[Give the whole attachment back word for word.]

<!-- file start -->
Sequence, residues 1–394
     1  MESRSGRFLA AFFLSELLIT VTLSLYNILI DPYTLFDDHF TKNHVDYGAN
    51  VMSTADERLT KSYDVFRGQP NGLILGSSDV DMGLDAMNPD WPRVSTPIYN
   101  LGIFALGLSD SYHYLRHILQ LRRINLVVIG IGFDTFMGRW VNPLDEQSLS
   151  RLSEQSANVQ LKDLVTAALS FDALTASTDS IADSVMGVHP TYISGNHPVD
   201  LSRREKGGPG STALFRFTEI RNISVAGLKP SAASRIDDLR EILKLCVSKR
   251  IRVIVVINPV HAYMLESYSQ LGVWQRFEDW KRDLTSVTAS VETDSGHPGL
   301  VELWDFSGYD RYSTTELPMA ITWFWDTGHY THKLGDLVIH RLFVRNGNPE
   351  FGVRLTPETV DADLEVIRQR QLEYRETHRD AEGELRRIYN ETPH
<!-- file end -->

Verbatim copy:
Sequence, residues 1–394
     1  MESRSGRFLA AFFLSELLIT VTLSLYNILI DPYTLFDDHF TKNHVDYGAN
    51  VMSTADERLT KSYDVFRGQP NGLILGSSDV DMGLDAMNPD WPRVSTPIYN
   101  LGIFALGLSD SYHYLRHILQ LRRINLVVIG IGFDTFMGRW VNPLDEQSLS
   151  RLSEQSANVQ LKDLVTAALS FDALTASTDS IADSVMGVHP TYISGNHPVD
   201  LSRREKGGPG STALFRFTEI RNISVAGLKP SAASRIDDLR EILKLCVSKR
   251  IRVIVVINPV HAYMLESYSQ LGVWQRFEDW KRDLTSVTAS VETDSGHPGL
   301  VELWDFSGYD RYSTTELPMA ITWFWDTGHY THKLGDLVIH RLFVRNGNPE
   351  FGVRLTPETV DADLEVIRQR QLEYRETHRD AEGELRRIYN ETPH